The lesson: Never decide that a book is too heavy to carry around, for lo, you will find yourself reading many other books, as public transit is a wonderful place to read.
The result: I’m making very slow headway throne A Dance With Dragons. But enough of that! Enough of the three other books I’ve finished (or nearly finished!)! Enough half-assed, spoiler-ducking conversations with friends who’ve finished the thing and insist on just saying, “Oh, kittens. Kittens, kittens, kittens,” whenever I bring up unresolved plot points.
I’m on page 252. I’m whelmed. Not over, not under (cue Sloan); just whelmed.
Here there be spoilers.
What surprised me most, as I read the first quarter of this book, was the characters I missed. With A Feast for Crows, I desperately wanted Dany and Tyrion chapters, but now that I have them, I want Sansa and Brienne and, though I can hardly believe I’m saying this, Jaime chapters.
This is partly to do with the characters and partly to do with the fact that all of those people were in particular, shifting situations, seeking things, or seeking to understand things. To be fair, everyone in A Song of Ice and Fire (which people like to abbreviate ASOIAF, and I’m going to call ASIF because I like it better and it makes more sense) is trying to understand things — things that will keep them alive, or get them home, or help them take over the world, depending. But in A Dance with Dragons, as compared to Feast‘s often peripatetic chapters, there is currently a lot of sitting
Dany is sitting precariously on her throne-bench in Meereen. Reek curls into a dungeon corner, trying, horribly, to eat his fingers. Tyrion sits on a boat, or at a fancy spread at Illyrio’s home, or on another boat, stewing all the while on his father’s words: “Where whores go.” (When not sitting, he’s still “waddling.” And still a delightfuly sly bastard, though a somewhat more beaten-down one.) Jon stands, rather than sits, at the Wall, chosing to be a leader the only way he knows how: by having no friends. But he stands up to Stannis as best he can, even when Melisandre gives him Ygritte’s words: “You know nothing, Jon Snow.”
Davos sits in White Harbor, presenting a hopeless care to Wyman Manderly and perhaps really losing his head (when his head and hands turned up in the last book, I thought two things: a. there was no proof they were his actual body parts, and b. Martin has long ago proven how closely he hews to the no-real-death-without-a-body rule. How many chapters end with someone — gasp! — maybe hit on the head with an ax, or hanging, or otherwise being menaced, only to turn up hale and hearty in their next chapter, a few days down the narrative line?).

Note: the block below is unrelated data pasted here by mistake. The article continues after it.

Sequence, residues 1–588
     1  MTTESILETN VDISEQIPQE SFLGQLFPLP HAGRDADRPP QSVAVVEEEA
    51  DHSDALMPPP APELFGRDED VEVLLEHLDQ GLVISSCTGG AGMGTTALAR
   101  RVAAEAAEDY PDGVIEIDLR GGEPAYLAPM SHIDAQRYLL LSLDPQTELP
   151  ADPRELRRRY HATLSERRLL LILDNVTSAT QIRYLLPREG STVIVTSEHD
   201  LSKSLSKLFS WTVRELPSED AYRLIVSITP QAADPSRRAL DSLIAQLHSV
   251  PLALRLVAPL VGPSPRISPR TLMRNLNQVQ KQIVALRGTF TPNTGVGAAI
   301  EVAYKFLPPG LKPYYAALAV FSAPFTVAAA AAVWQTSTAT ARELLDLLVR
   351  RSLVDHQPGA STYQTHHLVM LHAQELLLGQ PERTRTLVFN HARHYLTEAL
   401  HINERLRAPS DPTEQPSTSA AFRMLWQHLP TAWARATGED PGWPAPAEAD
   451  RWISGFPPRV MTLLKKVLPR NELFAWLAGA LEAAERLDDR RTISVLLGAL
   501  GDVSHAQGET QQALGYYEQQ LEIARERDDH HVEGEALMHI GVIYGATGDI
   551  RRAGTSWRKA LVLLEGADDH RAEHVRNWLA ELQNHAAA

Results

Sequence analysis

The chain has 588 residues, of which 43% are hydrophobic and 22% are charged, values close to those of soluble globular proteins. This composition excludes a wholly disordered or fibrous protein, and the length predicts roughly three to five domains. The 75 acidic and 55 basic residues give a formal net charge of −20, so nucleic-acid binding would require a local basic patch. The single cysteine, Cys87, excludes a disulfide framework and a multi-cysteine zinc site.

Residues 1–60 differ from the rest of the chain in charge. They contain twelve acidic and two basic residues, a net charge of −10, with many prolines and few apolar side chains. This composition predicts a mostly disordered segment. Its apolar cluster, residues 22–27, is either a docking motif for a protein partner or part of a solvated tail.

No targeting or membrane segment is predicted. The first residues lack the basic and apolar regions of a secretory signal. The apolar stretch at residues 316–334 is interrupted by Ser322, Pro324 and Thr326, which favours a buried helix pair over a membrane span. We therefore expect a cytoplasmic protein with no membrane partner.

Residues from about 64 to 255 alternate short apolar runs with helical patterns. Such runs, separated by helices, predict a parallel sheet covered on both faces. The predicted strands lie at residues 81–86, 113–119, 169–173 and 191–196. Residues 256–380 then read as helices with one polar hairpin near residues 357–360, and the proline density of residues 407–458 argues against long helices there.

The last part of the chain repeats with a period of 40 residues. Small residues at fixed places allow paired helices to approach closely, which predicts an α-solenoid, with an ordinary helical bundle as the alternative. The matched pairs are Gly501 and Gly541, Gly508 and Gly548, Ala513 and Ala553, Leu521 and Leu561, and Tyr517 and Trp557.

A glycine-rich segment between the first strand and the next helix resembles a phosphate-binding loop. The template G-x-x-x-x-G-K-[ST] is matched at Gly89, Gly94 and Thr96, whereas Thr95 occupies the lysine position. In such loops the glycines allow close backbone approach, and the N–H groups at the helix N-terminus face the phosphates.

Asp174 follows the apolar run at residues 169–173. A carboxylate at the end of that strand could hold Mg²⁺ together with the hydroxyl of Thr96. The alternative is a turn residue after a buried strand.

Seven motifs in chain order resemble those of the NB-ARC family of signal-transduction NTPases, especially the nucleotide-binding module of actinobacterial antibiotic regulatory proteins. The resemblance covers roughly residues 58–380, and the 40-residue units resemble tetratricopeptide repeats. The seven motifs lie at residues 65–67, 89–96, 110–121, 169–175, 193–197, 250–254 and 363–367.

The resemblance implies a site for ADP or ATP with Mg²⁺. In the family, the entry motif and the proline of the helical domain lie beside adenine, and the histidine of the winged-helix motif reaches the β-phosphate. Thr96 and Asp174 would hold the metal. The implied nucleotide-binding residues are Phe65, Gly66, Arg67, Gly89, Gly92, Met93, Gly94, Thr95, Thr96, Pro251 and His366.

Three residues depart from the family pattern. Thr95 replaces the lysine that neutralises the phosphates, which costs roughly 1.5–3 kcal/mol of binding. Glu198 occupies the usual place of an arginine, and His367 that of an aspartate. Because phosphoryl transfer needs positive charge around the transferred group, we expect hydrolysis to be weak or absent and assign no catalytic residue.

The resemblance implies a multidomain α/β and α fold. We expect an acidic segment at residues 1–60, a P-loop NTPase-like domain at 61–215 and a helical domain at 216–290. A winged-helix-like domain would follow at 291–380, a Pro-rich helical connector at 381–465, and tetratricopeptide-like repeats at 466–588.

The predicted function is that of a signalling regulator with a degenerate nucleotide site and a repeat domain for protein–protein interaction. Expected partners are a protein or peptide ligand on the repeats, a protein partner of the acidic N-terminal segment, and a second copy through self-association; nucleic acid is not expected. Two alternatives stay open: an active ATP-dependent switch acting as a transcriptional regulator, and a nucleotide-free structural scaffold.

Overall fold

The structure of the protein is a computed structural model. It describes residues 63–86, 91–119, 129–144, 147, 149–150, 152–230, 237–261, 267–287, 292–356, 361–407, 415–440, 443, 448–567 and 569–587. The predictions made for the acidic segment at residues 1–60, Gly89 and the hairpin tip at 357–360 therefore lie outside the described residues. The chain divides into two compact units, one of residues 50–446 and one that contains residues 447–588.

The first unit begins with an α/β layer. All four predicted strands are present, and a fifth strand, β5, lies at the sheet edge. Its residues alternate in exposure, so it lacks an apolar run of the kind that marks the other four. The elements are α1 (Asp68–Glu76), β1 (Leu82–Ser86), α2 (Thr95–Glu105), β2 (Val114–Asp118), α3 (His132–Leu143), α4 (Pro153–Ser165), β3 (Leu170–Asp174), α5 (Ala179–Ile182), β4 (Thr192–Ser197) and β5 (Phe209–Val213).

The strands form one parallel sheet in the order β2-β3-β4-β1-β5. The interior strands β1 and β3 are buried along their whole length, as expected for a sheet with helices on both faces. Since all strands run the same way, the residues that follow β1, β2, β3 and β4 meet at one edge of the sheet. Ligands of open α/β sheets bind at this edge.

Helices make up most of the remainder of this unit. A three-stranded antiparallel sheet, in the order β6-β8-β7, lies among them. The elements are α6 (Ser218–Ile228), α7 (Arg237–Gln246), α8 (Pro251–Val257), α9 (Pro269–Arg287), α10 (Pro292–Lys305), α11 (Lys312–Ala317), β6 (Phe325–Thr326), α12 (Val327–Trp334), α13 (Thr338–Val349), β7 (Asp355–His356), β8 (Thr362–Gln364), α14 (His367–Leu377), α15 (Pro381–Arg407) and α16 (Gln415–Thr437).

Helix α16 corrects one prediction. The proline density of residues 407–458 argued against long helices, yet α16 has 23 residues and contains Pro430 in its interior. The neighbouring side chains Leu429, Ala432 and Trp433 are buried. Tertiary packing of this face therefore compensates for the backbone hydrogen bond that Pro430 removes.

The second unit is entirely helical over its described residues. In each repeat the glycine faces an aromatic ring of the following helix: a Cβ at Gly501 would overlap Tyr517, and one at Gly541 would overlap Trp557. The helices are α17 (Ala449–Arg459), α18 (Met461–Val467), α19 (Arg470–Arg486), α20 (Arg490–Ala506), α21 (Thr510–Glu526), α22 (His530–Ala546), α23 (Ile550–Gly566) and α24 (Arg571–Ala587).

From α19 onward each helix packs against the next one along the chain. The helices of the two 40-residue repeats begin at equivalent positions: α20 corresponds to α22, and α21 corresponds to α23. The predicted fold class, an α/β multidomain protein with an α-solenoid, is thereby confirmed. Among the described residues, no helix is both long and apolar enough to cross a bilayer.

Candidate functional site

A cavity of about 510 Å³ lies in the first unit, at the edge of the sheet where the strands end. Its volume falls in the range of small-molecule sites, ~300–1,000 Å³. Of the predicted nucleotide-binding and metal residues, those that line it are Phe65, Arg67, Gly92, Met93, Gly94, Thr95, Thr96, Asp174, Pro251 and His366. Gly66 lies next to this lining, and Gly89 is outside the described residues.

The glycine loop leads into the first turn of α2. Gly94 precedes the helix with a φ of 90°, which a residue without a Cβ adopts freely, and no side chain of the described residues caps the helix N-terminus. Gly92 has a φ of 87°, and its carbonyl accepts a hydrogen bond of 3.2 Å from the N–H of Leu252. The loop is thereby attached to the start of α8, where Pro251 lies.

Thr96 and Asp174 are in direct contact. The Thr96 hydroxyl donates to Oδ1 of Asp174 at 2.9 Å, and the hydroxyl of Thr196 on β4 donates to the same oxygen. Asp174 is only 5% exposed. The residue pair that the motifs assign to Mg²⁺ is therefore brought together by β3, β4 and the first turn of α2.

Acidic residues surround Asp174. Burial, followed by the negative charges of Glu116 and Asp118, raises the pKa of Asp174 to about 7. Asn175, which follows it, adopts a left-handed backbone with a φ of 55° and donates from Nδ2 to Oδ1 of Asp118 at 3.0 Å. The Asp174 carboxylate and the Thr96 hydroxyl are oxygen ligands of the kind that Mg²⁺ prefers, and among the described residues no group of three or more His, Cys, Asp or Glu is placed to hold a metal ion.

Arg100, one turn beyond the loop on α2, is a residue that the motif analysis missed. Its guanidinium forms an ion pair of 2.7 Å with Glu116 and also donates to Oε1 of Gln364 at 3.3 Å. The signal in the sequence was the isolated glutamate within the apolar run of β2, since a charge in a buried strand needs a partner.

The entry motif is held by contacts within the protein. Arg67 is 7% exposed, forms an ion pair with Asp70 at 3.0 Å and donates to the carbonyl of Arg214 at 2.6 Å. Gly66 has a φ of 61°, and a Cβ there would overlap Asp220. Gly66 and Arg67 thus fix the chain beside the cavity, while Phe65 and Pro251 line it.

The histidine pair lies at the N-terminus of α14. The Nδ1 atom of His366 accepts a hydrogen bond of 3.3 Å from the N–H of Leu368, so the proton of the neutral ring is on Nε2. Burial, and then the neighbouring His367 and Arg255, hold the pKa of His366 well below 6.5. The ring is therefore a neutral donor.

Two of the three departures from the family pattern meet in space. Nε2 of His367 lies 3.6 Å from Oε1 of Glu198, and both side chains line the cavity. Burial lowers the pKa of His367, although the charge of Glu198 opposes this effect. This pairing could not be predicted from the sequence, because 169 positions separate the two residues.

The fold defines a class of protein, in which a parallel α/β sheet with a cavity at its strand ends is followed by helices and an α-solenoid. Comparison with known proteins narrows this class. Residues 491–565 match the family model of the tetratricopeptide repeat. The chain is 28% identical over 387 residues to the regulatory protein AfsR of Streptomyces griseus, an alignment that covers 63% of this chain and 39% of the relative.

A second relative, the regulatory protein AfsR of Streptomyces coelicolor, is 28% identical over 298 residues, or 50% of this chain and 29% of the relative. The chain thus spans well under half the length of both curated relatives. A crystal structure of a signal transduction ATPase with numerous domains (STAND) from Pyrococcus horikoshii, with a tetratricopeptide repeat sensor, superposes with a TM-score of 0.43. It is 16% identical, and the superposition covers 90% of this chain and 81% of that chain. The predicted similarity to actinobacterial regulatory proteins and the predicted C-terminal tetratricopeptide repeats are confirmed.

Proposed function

Bran does the least sitting around, as his story picks up in the snow north of the Wall, in the company of the still-unexplained Coldhands. I got a little bored with Bran when last we saw him, but things are picking up for the young Stark, what with meeting a Child of the Forest and all. (Where the youngest Stark is, I don’t yet know. I miss Osha.)
Dance thus far feels like a middle book; 252 pages in, it’s still mostly setup, as Martin moves the pieces around the board. (To be fair, A Storm of Swords felt like a lot of setup, too, and look how that turned out.) It’s tough to pin down exactly what I think is missing, but I think it has a lot to with the moving backwards aspect of the book. We’re still running parallel to Feast, not moving on from it; a Jon and Sam scene looks like it has exactly the same dialogue it did when we saw it from Sam’s perspective. The last book drew half a picture, and this book continues filling it in, pushing the boundaries of the narrative back out to Dany in Slaver’s Bay, back north of the Wall, on to White Harbor, where we’ve never been before
Three things really stick out from these first chapters (though the creepy prologue was pretty effective):
• “… those are the bones of a child.” Oh, Dany. All that talk about the dragons growing, and she’s yet to figure out how to train them — or even seem to try. Of course they don’t differentiate among their prey. Of course this was going to happen. Of course it never occurred to us, or to Daenerys, that the dragon-children wouldn’t be content with sheep. And even with this happening, I hated to see two of her dragons chained up in the former fighting pit. Where’s Drogon? Is he small enough to capture, or would he roast anyone who tried? Will Tyrion’s limited knowledge of dragon lore be enough to start training these three? I don’t think “Bad dragon; no biscuit” is going to cut it.
• Who is this Wylla Manderly, and why is she so forthright and, well, right in her opinions about kings and loyalty?
• “He knows who I am.” Now we all know who you are, little Aegon Targaryen, but not how you escaped, or where you’ve been hiding, or why this feels disturbingly like one of those Battlestar Galactica moments where Ron Moore and his writers pulled something out of their collective sleeve, planted in in the middle of a ship, and expected us to accept that it had been there all along. I have far greater faith in George R. R. Martin than I do in Ron Moore, but this threw me, and not in the good way I was hoping to be thrown (you know, the oh-shit-they-really-did-kill-Catelyn way). I’m reserving judgement for obvious reasons, and I simultaneously love and hate the wrench this throws into Dany’s plans for the Iron Throne.
Now, back to it, and back to Reek-who-isn’t-Reek. Until the halfway point…